women's health

Attica Scott

Louisville Democratic Rep. Attica Scott has filed a pair of bills for the upcoming legislative session that would eliminate the sales tax on menstrual products and baby supplies. Capitol reporter Ryland Barton says similar proposals have failed to get traction in the past.

The proposed exemptions would remove the 6 percent sales tax on tampons, panty liners and other menstrual products as well as diapers, breast pumps and baby bottles. 

Scott says the proposals would help poor Kentuckians by eliminating a tax on essential items. 

The standard way to check for cervical cancer risk is the Pap smear, which involves visually inspecting cervical cells for signs of abnormality.

There's another way to screen for cervical cancer risk, by directly testing for the human papillomavirus, or HPV, which causes 99 percent of cervical cancer. A study published in JAMA Tuesday suggests that method might be preferable for women age 30 and over.

When I went to the imaging center for my regular mammogram last year, the woman behind the desk asked me if I'd like to get a "3-D" mammogram instead of the standard test I'd had in the past.

"It's more accurate," she said.

What do you say to that? "No, thanks, I'd rather have the test that gets it wrong?" Of course, I agreed.

Most Americans drink safely and in moderation. But a steady annual increase in trips made to emergency rooms as a result of drinking alcohol added up to 61 percent more visits in 2014 compared with 2006, according to a study published this month in the journal Alcoholism: Clinical and Experimental Research.

Visits to hospital emergency rooms for alcohol-related issues rose rapidly over a nine-year period, though it's unclear why.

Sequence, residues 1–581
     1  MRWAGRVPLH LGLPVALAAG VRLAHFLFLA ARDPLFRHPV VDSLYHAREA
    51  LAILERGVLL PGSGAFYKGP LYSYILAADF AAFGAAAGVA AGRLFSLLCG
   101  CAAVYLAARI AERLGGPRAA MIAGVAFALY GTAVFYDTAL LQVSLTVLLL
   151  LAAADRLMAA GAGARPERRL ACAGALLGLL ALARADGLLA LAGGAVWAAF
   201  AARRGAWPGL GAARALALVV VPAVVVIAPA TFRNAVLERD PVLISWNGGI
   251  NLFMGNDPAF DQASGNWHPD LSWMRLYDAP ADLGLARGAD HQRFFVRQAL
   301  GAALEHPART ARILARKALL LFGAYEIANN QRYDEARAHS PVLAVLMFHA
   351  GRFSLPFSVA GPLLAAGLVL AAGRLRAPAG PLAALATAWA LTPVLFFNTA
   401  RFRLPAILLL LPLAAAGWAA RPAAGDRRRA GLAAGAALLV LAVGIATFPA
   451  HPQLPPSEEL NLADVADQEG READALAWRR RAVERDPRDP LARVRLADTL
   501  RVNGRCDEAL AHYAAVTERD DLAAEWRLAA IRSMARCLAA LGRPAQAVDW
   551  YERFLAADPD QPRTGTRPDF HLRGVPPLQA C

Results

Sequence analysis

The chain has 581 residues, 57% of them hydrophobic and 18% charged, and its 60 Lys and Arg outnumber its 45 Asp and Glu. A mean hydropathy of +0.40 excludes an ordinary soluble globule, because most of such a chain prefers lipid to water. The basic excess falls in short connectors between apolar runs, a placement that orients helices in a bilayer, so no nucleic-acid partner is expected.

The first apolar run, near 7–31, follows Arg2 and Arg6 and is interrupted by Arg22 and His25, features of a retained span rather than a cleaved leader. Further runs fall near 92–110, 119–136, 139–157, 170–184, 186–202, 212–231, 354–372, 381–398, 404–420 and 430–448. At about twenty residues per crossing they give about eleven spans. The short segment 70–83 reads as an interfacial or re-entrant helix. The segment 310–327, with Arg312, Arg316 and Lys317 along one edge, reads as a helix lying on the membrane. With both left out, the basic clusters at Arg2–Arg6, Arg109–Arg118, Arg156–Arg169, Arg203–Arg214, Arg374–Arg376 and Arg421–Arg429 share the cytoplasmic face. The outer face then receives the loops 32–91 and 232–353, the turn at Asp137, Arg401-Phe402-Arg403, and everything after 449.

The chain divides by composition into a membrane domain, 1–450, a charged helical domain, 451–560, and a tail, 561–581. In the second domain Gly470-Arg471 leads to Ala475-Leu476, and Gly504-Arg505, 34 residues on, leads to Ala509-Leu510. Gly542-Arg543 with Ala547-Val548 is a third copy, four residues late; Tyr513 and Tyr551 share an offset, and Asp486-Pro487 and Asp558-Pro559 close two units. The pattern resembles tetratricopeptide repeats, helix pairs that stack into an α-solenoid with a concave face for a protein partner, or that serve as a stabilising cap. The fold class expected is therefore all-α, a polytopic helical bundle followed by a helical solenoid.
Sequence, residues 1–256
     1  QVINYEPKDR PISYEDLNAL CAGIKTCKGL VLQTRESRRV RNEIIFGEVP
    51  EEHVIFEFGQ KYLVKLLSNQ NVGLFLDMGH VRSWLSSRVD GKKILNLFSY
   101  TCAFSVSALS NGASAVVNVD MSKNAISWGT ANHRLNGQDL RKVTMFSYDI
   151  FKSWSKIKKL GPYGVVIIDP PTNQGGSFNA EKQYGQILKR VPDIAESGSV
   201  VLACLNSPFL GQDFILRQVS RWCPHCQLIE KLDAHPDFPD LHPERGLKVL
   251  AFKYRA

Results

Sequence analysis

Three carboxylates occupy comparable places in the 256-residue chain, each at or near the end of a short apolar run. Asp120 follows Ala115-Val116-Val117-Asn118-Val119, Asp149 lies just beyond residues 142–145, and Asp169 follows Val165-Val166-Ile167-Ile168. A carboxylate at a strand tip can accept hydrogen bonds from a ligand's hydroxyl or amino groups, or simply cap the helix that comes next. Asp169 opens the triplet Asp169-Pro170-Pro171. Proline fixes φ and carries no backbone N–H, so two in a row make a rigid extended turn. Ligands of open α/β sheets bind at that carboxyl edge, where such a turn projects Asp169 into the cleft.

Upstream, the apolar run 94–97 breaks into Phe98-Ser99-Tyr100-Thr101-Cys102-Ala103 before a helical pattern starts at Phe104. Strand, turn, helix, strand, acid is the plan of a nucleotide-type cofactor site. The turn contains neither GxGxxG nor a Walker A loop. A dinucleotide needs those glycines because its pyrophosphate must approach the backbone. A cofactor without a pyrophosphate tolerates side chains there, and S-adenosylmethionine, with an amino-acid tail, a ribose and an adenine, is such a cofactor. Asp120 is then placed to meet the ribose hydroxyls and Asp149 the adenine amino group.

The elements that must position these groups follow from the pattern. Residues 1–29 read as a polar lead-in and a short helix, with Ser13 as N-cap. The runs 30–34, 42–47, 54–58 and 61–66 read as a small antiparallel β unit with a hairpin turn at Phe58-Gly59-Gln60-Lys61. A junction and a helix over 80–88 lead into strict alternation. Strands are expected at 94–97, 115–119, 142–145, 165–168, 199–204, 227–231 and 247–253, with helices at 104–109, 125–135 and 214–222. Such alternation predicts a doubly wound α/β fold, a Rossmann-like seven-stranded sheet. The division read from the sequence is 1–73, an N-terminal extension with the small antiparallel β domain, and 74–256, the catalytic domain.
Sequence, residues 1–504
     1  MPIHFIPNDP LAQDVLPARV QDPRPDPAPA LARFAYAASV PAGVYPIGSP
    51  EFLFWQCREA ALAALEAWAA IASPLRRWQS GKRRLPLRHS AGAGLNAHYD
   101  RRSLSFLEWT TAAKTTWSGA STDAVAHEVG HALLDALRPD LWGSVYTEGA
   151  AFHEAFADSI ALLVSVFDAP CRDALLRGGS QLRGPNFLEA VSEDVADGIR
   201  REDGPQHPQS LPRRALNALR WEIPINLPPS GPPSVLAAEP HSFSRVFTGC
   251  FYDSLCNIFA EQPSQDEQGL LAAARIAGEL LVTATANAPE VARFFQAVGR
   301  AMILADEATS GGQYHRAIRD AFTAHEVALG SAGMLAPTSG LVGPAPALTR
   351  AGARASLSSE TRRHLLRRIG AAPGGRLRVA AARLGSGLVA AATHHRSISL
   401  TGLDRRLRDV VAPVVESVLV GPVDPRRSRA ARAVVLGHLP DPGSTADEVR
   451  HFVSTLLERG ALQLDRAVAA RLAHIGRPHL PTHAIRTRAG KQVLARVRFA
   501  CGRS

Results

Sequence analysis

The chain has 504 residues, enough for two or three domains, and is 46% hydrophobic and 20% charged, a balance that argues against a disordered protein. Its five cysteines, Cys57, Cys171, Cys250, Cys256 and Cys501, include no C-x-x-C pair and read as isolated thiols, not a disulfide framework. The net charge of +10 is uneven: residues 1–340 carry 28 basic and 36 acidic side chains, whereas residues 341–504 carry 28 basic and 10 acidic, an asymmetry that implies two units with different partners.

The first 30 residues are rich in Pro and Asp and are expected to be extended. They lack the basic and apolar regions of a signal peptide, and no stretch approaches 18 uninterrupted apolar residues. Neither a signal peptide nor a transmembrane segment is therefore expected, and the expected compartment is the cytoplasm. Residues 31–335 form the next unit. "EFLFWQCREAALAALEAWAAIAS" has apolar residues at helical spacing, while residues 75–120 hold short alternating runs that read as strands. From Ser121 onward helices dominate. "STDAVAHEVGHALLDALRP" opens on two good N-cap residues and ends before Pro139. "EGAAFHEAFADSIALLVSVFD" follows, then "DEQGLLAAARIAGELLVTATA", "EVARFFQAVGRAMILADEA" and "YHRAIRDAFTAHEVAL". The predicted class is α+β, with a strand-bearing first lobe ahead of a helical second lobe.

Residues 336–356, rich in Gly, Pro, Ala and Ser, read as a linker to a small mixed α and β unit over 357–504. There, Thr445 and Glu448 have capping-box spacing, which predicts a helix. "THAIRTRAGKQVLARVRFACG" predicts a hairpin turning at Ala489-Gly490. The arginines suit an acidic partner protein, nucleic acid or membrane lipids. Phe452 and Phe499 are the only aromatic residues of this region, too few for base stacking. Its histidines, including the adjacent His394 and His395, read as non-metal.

The Trump administration has made a number of changes to health policy in the past two weeks, raising questions about how consumers will be affected. Will the new rules for birth control coverage affect access to an intrauterine device? Might an association health plan help bring down costs for workers at small businesses? And if you're healthy, doesn't a short-term health plan that is cheaper than marketplace coverage make sense? Here are some answers to those questions.

Title IX is often credited with getting more girls involved in sports, but there's another, more intimate milestone in the women-in-sports story that deserves some recognition: This year, the Jogbra turns 40.

In 1977, Hinda Miller had just started working at the University of Vermont and had taken up jogging. But she found she had a problem: What to do with her breasts? "I used two bras," she says. "You know, everyone has their stories of what they did."

Cathy Yeulet, 123rf Stock Photo

For over three decades, Sarah Cox has given women pap smears, mammograms and advice about options for contraception. But her Louisville practice is small – only five people – and she can’t afford to provide her employees with health insurance. That benefit gap wasn’t usually a problem until one employee’s circumstances changed and they needed insurance.

niroworld, 123rf Stock Photo

Kentucky Justice and Public Safety Cabinet Secretary John Tilley said on Monday his cabinet is awarding nearly two million dollars in grants to applicants to combat violence against women. 

Women who have high-risk pregnancies or complications in childbirth are up to eight times more likely to have heart disease later in life, statistics suggest. But many mothers — and their doctors — are unaware of the danger.

Emerging research shows heart disease is a long-term threat for women who develop diabetes or high blood pressure during pregnancy, for example. Also at higher risk: mothers whose babies were born too small or too soon.

Labor Gains: Midwifery Goes From Horseback to Hospitals

Jun 21, 2017
Mary Meehan | Ohio Valley ReSource

Nurse midwives have delivered babies in the Ohio Valley for nearly 100 years. But as Mary Meehan reports, that traditional practice is getting a new push with the opening of a clinic at the University of Kentucky.

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